• KeromeKerome Certainty is the enemy of wonder The Continent Veteran
    edited March 30

    But there’s a serious undercurrent here as well. If you think about anti-Buddhism, the things that Buddhism is not or is against, you might find some aspects of your life in there, and it was meant to throw into relief the parts of our lives we are encouraged to leave behind.

    For me, it encouraged me to spend time thinking about all the things I have found pleasurable about life which I don’t do so often because I am spending time on Buddhism. It recalls the strong reaction I had when contemplating cessation last year, which was based on similar things.

    AlexlobsterBunks
  • KeromeKerome Certainty is the enemy of wonder The Continent Veteran

    I do love a good hamburger, that is true. And I still have a fair amount of curly hair on my head, though not as much as when I was younger.

  • VimalajātiVimalajāti Whitby, Ontario Veteran

    @Kerome said:

    • A good white wine... like a German Gewurztraminer

    I'm partial to the Black Tower -- a cheap date if there ever was one.

    federicaKerome
  • federicafederica Seeker of the clear blue sky... Its better to remain silent and be thought a fool, than to speak out and remove all doubt Moderator

    @Vimalajāti said:

    @Kerome said:

    • A good white wine... like a German Gewurztraminer

    I'm partial to the Black Tower -- a cheap date if there ever was one.

    On a par with Blue Nun, Piat d'Or and Mateus Rosé...

    Kerome
  • KeromeKerome Certainty is the enemy of wonder The Continent Veteran
    edited March 30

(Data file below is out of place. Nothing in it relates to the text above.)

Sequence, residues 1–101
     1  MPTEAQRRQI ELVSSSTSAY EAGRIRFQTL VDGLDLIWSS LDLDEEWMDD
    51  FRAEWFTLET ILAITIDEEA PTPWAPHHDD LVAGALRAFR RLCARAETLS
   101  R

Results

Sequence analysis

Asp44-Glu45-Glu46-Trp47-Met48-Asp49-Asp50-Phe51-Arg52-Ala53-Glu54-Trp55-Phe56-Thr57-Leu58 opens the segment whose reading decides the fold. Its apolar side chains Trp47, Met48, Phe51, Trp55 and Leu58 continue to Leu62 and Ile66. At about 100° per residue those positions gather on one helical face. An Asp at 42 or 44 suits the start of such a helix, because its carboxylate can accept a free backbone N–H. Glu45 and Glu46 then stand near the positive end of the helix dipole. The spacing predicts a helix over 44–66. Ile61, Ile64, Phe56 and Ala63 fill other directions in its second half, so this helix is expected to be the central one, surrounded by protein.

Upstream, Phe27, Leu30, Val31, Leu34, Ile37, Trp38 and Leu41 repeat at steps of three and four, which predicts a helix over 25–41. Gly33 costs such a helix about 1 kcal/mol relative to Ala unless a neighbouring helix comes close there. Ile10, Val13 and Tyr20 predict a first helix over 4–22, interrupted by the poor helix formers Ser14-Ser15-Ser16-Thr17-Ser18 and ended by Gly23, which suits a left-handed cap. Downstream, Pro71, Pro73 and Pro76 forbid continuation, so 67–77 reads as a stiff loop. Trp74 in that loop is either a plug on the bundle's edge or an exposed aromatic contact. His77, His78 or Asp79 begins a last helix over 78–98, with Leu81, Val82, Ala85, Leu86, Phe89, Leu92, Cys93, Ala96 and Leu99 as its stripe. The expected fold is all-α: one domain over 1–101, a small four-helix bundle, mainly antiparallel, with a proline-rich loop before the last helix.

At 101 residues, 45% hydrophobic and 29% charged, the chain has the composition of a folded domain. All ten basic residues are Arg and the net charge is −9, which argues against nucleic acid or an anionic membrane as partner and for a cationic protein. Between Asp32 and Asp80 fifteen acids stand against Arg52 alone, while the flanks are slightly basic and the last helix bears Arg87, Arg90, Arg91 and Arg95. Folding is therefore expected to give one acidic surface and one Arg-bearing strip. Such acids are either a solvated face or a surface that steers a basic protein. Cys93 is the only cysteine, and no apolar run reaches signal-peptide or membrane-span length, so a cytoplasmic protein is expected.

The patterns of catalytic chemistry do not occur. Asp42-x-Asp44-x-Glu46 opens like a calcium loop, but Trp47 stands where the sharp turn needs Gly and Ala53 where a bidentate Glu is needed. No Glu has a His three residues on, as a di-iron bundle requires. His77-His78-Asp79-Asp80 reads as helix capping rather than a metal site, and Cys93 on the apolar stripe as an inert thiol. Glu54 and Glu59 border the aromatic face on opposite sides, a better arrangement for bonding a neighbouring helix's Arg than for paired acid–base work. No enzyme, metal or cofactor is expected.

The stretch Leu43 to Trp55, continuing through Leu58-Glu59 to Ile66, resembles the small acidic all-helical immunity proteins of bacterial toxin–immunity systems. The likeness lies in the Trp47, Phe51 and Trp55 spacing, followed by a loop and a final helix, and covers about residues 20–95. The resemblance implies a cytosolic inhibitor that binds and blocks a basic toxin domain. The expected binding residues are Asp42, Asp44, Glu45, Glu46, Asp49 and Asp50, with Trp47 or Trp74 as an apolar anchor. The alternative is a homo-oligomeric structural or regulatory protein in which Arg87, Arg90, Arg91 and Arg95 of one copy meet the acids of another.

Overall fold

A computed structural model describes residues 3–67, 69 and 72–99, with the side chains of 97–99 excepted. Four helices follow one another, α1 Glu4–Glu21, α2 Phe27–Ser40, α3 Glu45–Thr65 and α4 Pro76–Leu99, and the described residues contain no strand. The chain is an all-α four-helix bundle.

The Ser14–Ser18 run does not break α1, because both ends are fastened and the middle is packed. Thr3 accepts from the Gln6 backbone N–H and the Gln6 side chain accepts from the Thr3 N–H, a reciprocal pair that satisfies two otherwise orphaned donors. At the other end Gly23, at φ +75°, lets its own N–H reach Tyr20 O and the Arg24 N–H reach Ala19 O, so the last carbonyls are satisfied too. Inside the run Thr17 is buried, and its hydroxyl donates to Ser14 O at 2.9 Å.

@federica said:

    @Vimalajāti said:

    @Kerome said:

    • A good white wine... like a German Gewurztraminer

    I'm partial to the Black Tower -- a cheap date if there ever was one.

    On a par with Blue Nun, Piat d'Or and Mateus Rosé...

    As long as it isn’t Liebfraumilch. I’ve got a bottle of Austrian Grüner Veltliner that I’m drinking over a few days, and it’s very nice, classy.

  • lobsterlobster Veteran

    Addendum:

    • Work (see sangha)
    • Barbies (an Oz burnt offering)
    • Atheists (see reincarnation, purelands, gods)
    • Amber nectar (aka Be er ...)
    • Food (apart from rice)
    • Vajrayana (splitters!)
    • Humour (see Monty Sutra)

    warning: may contain wrong speech
    https://www.dailymotion.com/video/x4f71iv

    o:)

    Kerome
  • personperson Don't believe everything you think the liminal space Veteran
    edited March 31

    My experience with "worldly" happiness is that there is happiness and joy in the moment and often in reflection or anticipation. But experientially that they are tainted with a suffering feeling that only grows with use until it becomes unpleasant. Meditation and other more spiritual pursuits mitigate and ease that suffering. So if your goal is to live a happy, pleasant life in the world I think a balance can be found, at least for a time. If your goal is more about removing suffering and finding peace then I do think they are an obstacle.

    To me its not about a rule to follow or not. Its about the consequences and effects different actions produce.

    In my recent trip into D&D land I have been having fun, having laughs with people similar to me and imagining my characters. I also have been feeling a more obsessive sort of feeling in my heart where I can't turn off the thinking about it and the craving to do it all the time, it disrupts my sleep at times.

    KeromeJeffreyDavid
  • KeromeKerome Certainty is the enemy of wonder The Continent Veteran

    Great post, @person. I just wanted to say this thread is typically western, because here we are between layman and monk in our approach. We look at the vinaya and think, should I be doing all of that? Those rules are all there to help monks find enlightenment, perhaps they would also help guide me. And then you start subtracting things, and you run into problems. In fact, I think even some of the rules for laymen are a bit too absolute.

    @person said:
    My experience with "worldly" happiness is that there is happiness and joy in the moment and often in reflection or anticipation. But experientially that they are tainted with a suffering feeling that only grows with use until it becomes unpleasant. Meditation and other more spiritual pursuits mitigate and ease that suffering.